Help Kittens Thrive, Right Meow
–by Courtney Wennerstrom
It’s Raining Kittens
While the term kitten season implies adorable abundance, for everyone in animal welfare, it describes too much of a good thing. At the exact second you are reading this, tiny felines are pouring into animal shelters all across the United States. Kitten nurseries–already at capacity and with their staff suffering from burnout and compassion fatigue–are running out of space and options for the daily deluge. Even more challenging is the fact that in warmer climates, kittens are not seasonal, but perpetual. They. Just. Keep. Coming.
Well-meaning cat enthusiasts and animal lovers exacerbate the obstacles animal welfare professionals face during kitten season by bringing litter after litter to their local shelters, usually under the misguided notion that they have been abandoned. Despite appearances, this is often NOT the case. Just like human moms, cats cannot watch their little ones 24/7. They may be busy hunting or simply hiding from humans. If a mom is not close by or within eyesight, this does not mean she has left her babies to fend for themselves. Taking kittens away from their mothers–or what we will call kit-napping–puts them in grave danger. It also places the burden of raising these babies on shelter staff who are overwhelmed and have to work extra hard to be good surrogate mothers.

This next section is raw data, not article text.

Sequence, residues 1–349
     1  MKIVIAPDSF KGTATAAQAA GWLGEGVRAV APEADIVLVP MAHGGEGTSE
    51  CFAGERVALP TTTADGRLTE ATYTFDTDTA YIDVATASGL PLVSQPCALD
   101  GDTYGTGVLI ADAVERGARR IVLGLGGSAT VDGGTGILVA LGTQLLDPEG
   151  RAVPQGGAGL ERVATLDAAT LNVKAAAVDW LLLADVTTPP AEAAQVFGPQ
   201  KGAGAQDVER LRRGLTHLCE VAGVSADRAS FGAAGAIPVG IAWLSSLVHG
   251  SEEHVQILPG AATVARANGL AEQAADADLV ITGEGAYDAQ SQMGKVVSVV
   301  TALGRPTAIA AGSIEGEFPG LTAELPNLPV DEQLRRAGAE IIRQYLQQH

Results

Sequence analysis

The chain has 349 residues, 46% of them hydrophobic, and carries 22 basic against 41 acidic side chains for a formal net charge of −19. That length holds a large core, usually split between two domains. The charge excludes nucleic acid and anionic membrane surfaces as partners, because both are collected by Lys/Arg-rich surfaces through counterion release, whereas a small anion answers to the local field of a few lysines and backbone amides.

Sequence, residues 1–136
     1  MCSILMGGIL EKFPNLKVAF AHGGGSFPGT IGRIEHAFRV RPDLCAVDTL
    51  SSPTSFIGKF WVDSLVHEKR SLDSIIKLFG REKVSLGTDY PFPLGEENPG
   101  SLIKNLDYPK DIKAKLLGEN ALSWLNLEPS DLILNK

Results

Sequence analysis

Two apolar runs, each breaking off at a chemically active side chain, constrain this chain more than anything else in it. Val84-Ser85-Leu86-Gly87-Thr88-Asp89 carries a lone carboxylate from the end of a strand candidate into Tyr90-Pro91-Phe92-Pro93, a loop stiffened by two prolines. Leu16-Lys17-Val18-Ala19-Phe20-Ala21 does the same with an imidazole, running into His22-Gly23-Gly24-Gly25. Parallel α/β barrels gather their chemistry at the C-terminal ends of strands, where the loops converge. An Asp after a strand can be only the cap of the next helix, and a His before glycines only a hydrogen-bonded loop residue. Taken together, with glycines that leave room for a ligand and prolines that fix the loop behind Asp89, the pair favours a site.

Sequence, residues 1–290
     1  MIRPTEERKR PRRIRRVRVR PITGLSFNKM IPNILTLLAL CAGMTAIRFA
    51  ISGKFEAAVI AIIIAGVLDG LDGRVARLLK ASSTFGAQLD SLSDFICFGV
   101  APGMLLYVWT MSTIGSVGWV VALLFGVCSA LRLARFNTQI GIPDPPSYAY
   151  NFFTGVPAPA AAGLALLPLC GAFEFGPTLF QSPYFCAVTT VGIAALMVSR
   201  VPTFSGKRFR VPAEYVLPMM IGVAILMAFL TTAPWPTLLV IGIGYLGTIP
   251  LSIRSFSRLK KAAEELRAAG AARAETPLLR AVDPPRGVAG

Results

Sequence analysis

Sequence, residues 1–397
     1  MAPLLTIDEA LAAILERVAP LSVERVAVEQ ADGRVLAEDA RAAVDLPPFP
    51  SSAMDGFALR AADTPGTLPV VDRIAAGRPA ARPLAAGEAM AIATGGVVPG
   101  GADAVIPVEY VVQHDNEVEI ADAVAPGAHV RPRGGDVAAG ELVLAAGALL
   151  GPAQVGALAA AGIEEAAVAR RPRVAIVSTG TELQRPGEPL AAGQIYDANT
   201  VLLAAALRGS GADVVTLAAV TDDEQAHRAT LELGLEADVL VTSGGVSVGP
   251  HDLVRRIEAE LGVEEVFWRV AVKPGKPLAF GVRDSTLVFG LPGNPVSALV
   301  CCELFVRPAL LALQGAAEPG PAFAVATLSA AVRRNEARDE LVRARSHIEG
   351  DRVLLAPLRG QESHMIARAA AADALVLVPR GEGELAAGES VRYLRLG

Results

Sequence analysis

If you have recently discovered a litter of kittens near your home, workplace, or favorite coffee shop–or just want to learn more about how to help kittens when you find them and advocate for their protection–this article is for you.
You’re Trying to do the Right Thing…but do NOT Kit-nap the Kittens
You’ve spied a pile of miniscule furballs crying for their mom. Your heart melts and breaks simultaneously, and you want to help! Believe me, we appreciate your compassion, and need more of it in the world! But there are steps to take before stepping in and things you should understand first.
Whenever possible, it is best to keep kittens with their mothers, especially during the first 5 weeks of their lives. Her milk contains antibodies and other important nutrients that help them thrive, and she has the patience, instincts, and ability to feed them properly and frequently. Momma cats are skilled at nursing their babies, which is good because it is a full-time job. Kittens under 2 weeks must nurse every two hours, and those 3-4 weeks, every 3-4 hours. A momma cat’s entire life revolves around mothering, but people have responsibilities, jobs, and all kinds of adulting to do, and most of us cannot get up all through the night to feed kittens.